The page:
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Nurse ‘used Google Translate to get by on shift’ in Welsh nursing home

A nurse with ‘little understanding’ of English relied on Google Translate while working at a nursing home in Wales, inspectors found.

A nurse with ‘little understanding’ of English relied on Google Translate while working at a nursing home in Wales, inspectors found.

Google_translate
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Concerns were raised about the poor English and Welsh language skills of two out of 11 nurses working at the Penrhos Polish Nursing and Residential Home in Pwllheli, North Wales.

One nurse had very little understanding of spoken and written English, inspectors from the Care and Social Services Inspectorate Wales (CSSIW) found.

The home was issued with a non-compliance notice for being in breach of the Care Standards Act 2000 following unannounced inspections in November and December last year.

‘We were told by two care staff that one nurse has very little understanding of English and no Welsh language skills. The nurse uses Google Translate to get by on a shift. The care staff informed us this has caused difficulties, especially when there has been a need to call emergency services or out-of-hours doctors,’ the inspectors said.

They said the nurse’s written notes were ‘disjointed’ and concluded: ‘This places people who use the service at risk of harm as people do not always receive the appropriate care.’

Barriers

General manager Michal Drewenski told Nursing Standard the nurse who used Google Translate left in December, after it was decided language barriers were affecting care.

He said the problem occurred when the nurse worked night shifts as the only nurse, but she had been moved to supervised day shifts before leaving.

Mr Drewenski said the home had employed the two nurses through a Polish agency after struggling to recruit from within the UK. Both were already registered with the Nursing and Midwifery Council (NMC).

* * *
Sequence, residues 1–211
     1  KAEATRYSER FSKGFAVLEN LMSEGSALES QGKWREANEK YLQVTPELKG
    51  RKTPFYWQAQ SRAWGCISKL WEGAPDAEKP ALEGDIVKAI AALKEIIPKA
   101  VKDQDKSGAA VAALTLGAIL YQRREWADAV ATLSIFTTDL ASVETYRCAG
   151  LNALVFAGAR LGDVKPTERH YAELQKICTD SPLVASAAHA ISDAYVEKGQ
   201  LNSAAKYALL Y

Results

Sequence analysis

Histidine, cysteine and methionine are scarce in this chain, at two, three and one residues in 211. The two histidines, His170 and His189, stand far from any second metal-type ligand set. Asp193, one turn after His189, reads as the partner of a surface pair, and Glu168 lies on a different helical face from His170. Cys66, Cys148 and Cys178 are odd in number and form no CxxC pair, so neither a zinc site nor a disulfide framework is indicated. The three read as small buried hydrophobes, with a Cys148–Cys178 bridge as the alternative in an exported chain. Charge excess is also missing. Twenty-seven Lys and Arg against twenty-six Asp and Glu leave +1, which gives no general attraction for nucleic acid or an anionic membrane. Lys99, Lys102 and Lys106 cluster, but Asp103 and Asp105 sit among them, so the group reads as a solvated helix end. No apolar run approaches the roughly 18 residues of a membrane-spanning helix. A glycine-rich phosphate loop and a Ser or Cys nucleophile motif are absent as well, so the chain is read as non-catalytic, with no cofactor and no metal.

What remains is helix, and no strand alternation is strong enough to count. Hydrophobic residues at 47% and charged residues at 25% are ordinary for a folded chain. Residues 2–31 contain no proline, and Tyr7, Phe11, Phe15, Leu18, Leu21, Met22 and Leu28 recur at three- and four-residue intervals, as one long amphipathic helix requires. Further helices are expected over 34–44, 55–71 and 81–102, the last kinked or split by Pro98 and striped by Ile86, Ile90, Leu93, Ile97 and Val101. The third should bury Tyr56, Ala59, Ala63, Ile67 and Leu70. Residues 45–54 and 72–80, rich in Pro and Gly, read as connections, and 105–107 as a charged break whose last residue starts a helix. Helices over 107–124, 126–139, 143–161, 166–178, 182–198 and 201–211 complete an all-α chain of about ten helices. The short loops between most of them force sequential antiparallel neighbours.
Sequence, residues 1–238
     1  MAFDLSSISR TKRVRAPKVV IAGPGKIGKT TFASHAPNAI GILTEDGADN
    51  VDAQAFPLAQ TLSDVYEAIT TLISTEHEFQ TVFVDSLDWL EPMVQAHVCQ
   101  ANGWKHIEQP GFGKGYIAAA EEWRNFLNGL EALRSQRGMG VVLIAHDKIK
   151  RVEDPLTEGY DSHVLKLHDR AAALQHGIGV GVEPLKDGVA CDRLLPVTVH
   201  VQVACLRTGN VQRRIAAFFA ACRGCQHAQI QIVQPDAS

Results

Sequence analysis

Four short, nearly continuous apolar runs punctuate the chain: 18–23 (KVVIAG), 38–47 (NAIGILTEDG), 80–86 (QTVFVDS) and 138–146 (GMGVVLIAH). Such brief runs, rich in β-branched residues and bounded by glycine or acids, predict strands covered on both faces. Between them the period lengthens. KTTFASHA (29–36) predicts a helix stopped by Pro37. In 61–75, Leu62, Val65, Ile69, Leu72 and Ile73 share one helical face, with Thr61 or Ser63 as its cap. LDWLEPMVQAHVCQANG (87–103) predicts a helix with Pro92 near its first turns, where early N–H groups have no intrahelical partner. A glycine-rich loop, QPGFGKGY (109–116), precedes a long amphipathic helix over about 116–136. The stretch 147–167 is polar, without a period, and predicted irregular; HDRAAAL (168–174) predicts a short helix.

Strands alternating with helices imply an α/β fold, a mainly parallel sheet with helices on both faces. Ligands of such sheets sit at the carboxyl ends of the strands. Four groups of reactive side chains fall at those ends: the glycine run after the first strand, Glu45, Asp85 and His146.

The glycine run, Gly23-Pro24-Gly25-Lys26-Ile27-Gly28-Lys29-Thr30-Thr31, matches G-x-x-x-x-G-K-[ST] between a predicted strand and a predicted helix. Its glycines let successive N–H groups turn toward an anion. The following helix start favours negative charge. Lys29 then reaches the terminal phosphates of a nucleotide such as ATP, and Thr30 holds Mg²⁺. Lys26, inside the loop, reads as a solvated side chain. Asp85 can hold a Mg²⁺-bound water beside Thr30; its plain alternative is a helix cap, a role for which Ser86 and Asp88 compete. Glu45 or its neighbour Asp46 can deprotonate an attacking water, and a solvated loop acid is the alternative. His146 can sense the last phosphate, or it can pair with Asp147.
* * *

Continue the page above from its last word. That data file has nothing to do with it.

In January 2016, the NMC brought in academic English tests called IELTs to improve the standard of English held by European Union nurses.

The CSSIW identified eight non-compliance issues and nine recommended areas to improve at the Penrhos.

Mr Drewenski has set a two-month period to rectify concerns and said he was arranging to meet or write to relatives of residents.

Inspectors said people at the home for second world war Polish veterans and local residents, ‘cannot always be assured that they will be protected from harm’.

Dementia care

Training was found to be lacking in key areas, such as food hygiene, first aid, infection control, and moving and handling, while ‘few staff had received dementia care training’.

The home was praised for being ‘warm, clean and tidy’, and staff for being ‘friendly, caring and having good relationships with people’.

However, fluid balance charts were often ‘incomplete and contained large gaps’ leading to concerns that residents were dehydrated.

Inspectors also found one person had lost 10kg in weight in just a few months, yet there was no evidence of referral to a dietician.

Read the report here


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